Women represent 4^ percent of the addiction population, but 
only 23 percent of the treatment slots in Illinois are filled with women, 
Fried said. 



..i». 



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Air<iusT -19, 1994 UUlANd Newspapers -LAKEUFEI 




ALECJUNGE 



Staff Reporter 

Beautiful music reaching out to others is what a special interde- 
nominational choir is all about 

TcU the World Is a choir based out of Wauconda's Evangelical Free 
Church Wlilcti has been dazzling audiences for 14 years with their mix 
of contemporary; gospel sotmds. 

"It's contemporary Christian Music/' Walt Martin, director said. 
"We sing all types of gospel, wc sing country, blucgrass, black and tra- 
ditional southern gospel and wc play the artists such as Sandl Patti and 
Steve Green;" 

The group goes to area churches for Sunday performances. The 
unique part of the choh* is its ability to adapt. 

"We use a special performance sound system so we can change 
sounds easily," Martin said. 

The choir is In the process of scarclilng for a few more singets. 
Martin said he' is looking for tenors and bass but has a need for all 
-singing parts. • 
' Sec CBOIR page BIO 




Lakeland 

Newspapers 



DoGroR and 
baRiDony ro 





Tho boll at Iho top Is orw of threo bronzo boautfos to ocho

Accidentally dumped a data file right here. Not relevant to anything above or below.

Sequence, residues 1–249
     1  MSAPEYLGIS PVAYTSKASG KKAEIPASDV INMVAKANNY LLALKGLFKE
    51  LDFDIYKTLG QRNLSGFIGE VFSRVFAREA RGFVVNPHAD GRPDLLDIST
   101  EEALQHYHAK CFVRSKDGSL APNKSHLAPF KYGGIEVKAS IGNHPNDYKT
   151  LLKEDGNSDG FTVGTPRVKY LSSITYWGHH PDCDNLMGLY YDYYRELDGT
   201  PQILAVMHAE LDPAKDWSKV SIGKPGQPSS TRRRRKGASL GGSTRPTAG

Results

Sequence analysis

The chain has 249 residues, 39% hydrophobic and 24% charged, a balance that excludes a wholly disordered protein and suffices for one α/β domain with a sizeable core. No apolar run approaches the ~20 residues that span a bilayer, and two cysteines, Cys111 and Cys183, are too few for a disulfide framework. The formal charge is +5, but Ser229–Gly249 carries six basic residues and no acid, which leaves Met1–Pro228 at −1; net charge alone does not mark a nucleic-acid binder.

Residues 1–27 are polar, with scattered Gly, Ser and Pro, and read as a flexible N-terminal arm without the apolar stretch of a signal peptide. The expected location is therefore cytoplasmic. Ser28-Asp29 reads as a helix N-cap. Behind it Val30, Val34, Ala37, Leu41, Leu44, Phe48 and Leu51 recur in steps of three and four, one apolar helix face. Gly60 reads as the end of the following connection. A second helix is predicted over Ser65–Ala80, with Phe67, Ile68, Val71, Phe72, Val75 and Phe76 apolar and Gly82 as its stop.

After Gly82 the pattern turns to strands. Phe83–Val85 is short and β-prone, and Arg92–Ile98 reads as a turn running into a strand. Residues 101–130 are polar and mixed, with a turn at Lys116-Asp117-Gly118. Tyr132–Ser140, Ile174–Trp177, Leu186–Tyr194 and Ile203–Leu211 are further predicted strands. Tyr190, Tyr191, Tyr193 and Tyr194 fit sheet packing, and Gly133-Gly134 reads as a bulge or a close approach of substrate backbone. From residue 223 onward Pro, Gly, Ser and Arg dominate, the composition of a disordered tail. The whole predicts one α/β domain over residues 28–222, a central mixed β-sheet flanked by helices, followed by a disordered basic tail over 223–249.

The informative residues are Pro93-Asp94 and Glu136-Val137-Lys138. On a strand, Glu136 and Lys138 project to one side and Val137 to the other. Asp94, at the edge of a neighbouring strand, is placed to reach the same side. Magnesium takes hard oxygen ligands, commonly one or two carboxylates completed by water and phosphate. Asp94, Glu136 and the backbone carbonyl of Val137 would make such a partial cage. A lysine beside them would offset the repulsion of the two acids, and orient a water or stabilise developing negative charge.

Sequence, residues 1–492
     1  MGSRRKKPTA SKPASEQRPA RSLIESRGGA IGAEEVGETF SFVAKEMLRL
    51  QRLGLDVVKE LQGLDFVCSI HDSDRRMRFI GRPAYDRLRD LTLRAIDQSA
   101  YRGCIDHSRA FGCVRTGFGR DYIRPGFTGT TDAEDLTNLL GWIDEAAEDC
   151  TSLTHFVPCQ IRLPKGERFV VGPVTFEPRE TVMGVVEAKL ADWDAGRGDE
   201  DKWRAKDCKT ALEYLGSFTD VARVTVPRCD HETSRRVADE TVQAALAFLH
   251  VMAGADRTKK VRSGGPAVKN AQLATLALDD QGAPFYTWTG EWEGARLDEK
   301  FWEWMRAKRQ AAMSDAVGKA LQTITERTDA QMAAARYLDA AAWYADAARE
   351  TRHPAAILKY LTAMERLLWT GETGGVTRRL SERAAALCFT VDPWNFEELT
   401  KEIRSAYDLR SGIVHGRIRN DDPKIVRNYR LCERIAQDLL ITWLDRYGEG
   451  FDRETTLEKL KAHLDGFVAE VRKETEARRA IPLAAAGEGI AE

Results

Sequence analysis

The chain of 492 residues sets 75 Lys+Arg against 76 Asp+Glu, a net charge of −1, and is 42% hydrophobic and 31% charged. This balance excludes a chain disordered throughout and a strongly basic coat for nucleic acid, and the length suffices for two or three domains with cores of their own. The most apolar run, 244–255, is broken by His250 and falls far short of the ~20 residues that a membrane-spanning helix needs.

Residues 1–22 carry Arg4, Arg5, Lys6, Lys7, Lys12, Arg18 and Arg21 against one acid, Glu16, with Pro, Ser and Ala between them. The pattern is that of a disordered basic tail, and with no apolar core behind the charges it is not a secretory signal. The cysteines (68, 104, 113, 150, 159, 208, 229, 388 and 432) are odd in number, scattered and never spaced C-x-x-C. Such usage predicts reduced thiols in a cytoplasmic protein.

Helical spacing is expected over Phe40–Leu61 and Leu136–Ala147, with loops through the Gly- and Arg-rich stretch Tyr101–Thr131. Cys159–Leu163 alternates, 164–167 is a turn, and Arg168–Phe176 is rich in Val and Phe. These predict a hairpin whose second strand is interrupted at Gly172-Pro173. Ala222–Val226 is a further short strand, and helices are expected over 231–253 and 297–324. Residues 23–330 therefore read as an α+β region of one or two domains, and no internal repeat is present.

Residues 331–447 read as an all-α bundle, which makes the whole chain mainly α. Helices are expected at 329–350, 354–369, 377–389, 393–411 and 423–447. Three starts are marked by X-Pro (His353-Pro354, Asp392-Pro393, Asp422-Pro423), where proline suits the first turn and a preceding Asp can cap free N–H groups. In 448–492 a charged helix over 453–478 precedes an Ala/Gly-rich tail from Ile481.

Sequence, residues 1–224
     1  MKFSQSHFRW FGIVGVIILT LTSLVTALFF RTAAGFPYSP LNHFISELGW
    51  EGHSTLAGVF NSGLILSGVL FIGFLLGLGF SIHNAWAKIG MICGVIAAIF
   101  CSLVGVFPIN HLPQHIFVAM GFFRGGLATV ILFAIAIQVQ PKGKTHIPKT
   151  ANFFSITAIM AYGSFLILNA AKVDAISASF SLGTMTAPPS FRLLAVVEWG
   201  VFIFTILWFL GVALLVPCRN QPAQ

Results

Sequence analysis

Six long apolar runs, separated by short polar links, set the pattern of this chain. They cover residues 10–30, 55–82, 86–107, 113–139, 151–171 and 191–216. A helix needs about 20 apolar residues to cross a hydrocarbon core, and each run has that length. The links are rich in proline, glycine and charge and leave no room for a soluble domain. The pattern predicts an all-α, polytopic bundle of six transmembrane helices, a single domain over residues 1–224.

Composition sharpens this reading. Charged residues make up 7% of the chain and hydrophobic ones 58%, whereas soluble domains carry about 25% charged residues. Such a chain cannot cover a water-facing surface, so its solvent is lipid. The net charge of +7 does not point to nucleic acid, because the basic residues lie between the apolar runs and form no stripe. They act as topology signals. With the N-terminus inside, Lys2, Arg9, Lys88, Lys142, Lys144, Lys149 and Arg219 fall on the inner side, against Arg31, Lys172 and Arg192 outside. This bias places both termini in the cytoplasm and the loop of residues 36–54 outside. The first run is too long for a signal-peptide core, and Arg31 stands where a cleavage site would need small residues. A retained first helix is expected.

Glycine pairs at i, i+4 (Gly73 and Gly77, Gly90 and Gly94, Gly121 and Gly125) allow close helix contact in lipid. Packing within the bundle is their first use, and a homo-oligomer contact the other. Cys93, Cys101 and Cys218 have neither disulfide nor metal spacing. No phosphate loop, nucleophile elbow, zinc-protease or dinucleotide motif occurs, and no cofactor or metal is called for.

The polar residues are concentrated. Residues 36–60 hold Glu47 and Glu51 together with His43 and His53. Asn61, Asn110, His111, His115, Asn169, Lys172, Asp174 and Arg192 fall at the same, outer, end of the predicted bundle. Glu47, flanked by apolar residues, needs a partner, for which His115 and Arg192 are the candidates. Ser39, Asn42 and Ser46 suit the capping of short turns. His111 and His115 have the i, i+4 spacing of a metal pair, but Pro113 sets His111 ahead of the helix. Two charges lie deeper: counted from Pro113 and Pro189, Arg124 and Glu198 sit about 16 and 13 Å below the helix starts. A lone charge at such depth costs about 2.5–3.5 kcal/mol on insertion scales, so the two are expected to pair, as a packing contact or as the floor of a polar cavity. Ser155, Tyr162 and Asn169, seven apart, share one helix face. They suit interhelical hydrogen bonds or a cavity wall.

hooventy sounds from a Guatemalan etiurch. Thanks to Dr. 
William Dam, below, with Holland-native Janske 
Tlmmermons, and Dam's wife. Meredltti Anderson-Dam, on 
the far right, ttie bells will ring out for a long time to come. 
On the right Is the bell towf i; also donated by the Dam fam- 
ily of Fox Lake. ; f ; It i . 



pRovide heavenly 
AmfcRlcan chuRch 



jT^ enedlcttne Monks in a small Guatemalan 
1"^^ village were happy when a much needed 
I ^ church was finally going to be constructed. 
M ^^ ^ The building plans were beautiful, but 
'. were lacking one thing— the promise that 
the townspeople would be hearing a heavenly sound 
echo through the hills and trees. 

Doctor William C. Dam, former mayor of Fox 
Lake and proprietor of the Westlake Clinic In 
Inglcsidc, was asked along with his wife, Meredith, if 
they would be willing to donate bells and a bell tower. 

Dr. Dam's interesting life history prompted the